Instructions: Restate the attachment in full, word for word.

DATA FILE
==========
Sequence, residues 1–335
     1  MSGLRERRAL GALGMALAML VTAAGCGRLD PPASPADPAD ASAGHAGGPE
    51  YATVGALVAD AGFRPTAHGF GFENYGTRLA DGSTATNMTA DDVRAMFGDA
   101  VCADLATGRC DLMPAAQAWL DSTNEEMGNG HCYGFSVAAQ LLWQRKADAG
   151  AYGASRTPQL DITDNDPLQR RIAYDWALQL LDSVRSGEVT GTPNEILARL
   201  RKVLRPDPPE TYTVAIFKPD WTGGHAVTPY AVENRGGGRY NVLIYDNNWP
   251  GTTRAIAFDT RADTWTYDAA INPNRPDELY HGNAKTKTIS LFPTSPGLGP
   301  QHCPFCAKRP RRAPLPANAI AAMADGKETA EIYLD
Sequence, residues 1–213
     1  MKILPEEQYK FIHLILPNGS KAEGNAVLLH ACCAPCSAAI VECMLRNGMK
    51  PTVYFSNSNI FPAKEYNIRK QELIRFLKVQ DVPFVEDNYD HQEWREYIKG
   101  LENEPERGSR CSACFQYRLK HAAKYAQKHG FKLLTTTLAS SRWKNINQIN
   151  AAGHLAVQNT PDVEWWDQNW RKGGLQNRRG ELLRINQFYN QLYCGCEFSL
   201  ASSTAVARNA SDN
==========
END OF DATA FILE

Sequence, residues 1–335
     1  MSGLRERRAL GALGMALAML VTAAGCGRLD PPASPADPAD ASAGHAGGPE
    51  YATVGALVAD AGFRPTAHGF GFENYGTRLA DGSTATNMTA DDVRAMFGDA
   101  VCADLATGRC DLMPAAQAWL DSTNEEMGNG HCYGFSVAAQ LLWQRKADAG
   151  AYGASRTPQL DITDNDPLQR RIAYDWALQL LDSVRSGEVT GTPNEILARL
   201  RKVLRPDPPE TYTVAIFKPD WTGGHAVTPY AVENRGGGRY NVLIYDNNWP
   251  GTTRAIAFDT RADTWTYDAA INPNRPDELY HGNAKTKTIS LFPTSPGLGP
   301  QHCPFCAKRP RRAPLPANAI AAMADGKETA EIYLD
Sequence, residues 1–213
     1  MKILPEEQYK FIHLILPNGS KAEGNAVLLH ACCAPCSAAI VECMLRNGMK
    51  PTVYFSNSNI FPAKEYNIRK QELIRFLKVQ DVPFVEDNYD HQEWREYIKG
   101  LENEPERGSR CSACFQYRLK HAAKYAQKHG FKLLTTTLAS SRWKNINQIN
   151  AAGHLAVQNT PDVEWWDQNW RKGGLQNRRG ELLRINQFYN QLYCGCEFSL
   201  ASSTAVARNA SDN